135 spp. in 22 genera of 4 families in our area(1)
; 18 families worldwide(2)
Forewing and hindwing similar size and shape, held at rest above body (except Spreadwings.) Very slender abdomen. Male has four terminal appendages and female has well-developed ovipositor.(3)
Broadwinged damsels (Jewelwings, Rubyspots) have wider wings than Pond Damsels and may have colored or spotted wings (most Pond Damsels have clear wings except for pterostigma.)
Spreadwings are readily identified because they do not fold the wings together snugly--they also typically "hang" from a perch, with wings slightly spread.
The Great Spreadwing is our largest damselfly.
Males and females are typically different in color, with the male showing more brilliant color, though some female damsels are also brightly colored. In some species females have both a male-form and a female-form color pattern. (4)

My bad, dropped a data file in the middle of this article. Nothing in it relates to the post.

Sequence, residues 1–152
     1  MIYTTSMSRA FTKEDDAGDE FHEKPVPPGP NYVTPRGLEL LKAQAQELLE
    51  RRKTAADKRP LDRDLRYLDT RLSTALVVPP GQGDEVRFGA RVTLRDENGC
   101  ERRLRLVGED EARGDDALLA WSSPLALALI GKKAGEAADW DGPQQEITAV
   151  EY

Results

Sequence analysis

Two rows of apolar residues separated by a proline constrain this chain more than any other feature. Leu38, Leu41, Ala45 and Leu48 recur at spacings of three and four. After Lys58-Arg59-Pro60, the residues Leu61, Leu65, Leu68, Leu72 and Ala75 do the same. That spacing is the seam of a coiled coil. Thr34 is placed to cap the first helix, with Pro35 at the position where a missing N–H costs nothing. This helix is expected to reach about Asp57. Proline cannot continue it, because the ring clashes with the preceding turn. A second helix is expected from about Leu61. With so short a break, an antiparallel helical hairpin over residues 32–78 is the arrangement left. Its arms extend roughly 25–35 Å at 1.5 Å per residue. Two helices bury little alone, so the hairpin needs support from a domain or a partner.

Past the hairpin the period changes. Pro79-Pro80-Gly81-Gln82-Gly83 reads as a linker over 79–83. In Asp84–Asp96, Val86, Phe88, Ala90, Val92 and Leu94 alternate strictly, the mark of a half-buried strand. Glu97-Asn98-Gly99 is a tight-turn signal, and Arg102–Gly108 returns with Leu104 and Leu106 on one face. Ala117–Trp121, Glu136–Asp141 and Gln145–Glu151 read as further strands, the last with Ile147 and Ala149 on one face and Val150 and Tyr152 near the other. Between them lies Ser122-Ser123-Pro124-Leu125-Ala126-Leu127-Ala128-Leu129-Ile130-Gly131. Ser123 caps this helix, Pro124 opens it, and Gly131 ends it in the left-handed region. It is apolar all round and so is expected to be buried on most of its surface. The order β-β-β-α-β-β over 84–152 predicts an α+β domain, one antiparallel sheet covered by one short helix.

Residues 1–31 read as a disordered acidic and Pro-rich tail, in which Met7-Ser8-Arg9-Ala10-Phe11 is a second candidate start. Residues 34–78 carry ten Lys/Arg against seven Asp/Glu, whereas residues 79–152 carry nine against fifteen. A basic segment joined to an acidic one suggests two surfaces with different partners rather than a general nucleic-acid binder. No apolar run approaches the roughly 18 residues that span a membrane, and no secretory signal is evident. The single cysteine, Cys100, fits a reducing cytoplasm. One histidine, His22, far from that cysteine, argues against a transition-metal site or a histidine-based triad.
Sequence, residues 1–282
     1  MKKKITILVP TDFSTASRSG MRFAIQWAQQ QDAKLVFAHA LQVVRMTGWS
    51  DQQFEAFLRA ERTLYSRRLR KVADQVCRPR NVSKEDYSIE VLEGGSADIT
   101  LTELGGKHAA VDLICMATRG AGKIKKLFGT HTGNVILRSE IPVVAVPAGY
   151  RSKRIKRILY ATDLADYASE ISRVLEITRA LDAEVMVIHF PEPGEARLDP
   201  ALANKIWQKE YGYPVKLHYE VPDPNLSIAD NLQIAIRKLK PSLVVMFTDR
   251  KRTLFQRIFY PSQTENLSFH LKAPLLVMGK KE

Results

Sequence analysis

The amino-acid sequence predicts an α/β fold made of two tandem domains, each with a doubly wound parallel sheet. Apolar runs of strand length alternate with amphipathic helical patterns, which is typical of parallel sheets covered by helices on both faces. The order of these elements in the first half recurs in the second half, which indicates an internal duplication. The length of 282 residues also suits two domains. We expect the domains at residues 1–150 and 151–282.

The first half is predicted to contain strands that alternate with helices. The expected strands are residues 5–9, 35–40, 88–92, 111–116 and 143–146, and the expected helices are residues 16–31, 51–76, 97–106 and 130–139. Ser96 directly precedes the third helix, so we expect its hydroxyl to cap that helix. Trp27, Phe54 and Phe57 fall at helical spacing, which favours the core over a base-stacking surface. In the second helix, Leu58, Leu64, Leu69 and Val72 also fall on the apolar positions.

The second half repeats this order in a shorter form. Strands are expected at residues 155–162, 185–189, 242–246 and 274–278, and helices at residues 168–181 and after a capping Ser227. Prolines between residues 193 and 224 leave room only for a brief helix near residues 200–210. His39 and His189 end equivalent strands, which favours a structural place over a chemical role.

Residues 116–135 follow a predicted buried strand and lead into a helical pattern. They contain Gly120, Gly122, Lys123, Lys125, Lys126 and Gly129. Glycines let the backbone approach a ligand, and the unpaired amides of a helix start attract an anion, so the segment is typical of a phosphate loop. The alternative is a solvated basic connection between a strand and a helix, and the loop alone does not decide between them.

plate 6f and others.
Identification is made by noting details of markings on head, thorax, and abdomen.
Guides: to northern spp. in(5)(6)
, to TX spp. in(7)
adults mostly near ponds, streams, etc. (water required for reproduction), but some species may be found at a distance from water, especially near the ground in grass, woods, etc.
Generally, warm weather. Some emerge early in spring, others in midsummer; in many locations, species follow a sequence through the warm part of the year.
usually hold wings spread at rest
(images, some life history info)